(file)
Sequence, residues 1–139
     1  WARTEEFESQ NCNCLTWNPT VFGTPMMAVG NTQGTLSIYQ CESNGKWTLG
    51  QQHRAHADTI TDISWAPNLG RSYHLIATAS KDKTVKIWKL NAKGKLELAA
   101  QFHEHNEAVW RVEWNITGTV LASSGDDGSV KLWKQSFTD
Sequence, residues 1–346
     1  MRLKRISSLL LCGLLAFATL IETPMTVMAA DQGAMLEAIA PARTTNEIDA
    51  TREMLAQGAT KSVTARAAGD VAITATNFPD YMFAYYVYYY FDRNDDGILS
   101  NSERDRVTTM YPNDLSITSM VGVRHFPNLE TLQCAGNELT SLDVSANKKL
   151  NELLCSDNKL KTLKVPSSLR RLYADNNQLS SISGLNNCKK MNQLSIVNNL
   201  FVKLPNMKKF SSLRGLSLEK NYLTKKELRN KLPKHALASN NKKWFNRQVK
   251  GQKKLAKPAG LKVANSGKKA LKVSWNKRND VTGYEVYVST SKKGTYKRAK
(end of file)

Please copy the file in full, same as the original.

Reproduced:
Sequence, residues 1–139
     1  WARTEEFESQ NCNCLTWNPT VFGTPMMAVG NTQGTLSIYQ CESNGKWTLG
    51  QQHRAHADTI TDISWAPNLG RSYHLIATAS KDKTVKIWKL NAKGKLELAA
   101  QFHEHNEAVW RVEWNITGTV LASSGDDGSV KLWKQSFTD
Sequence, residues 1–346
     1  MRLKRISSLL LCGLLAFATL IETPMTVMAA DQGAMLEAIA PARTTNEIDA
    51  TREMLAQGAT KSVTARAAGD VAITATNFPD YMFAYYVYYY FDRNDDGILS
   101  NSERDRVTTM YPNDLSITSM VGVRHFPNLE TLQCAGNELT SLDVSANKKL
   151  NELLCSDNKL KTLKVPSSLR RLYADNNQLS SISGLNNCKK MNQLSIVNNL
   201  FVKLPNMKKF SSLRGLSLEK NYLTKKELRN KLPKHALASN NKKWFNRQVK
   251  GQKKLAKPAG LKVANSGKKA LKVSWNKRND VTGYEVYVST SKKGTYKRAK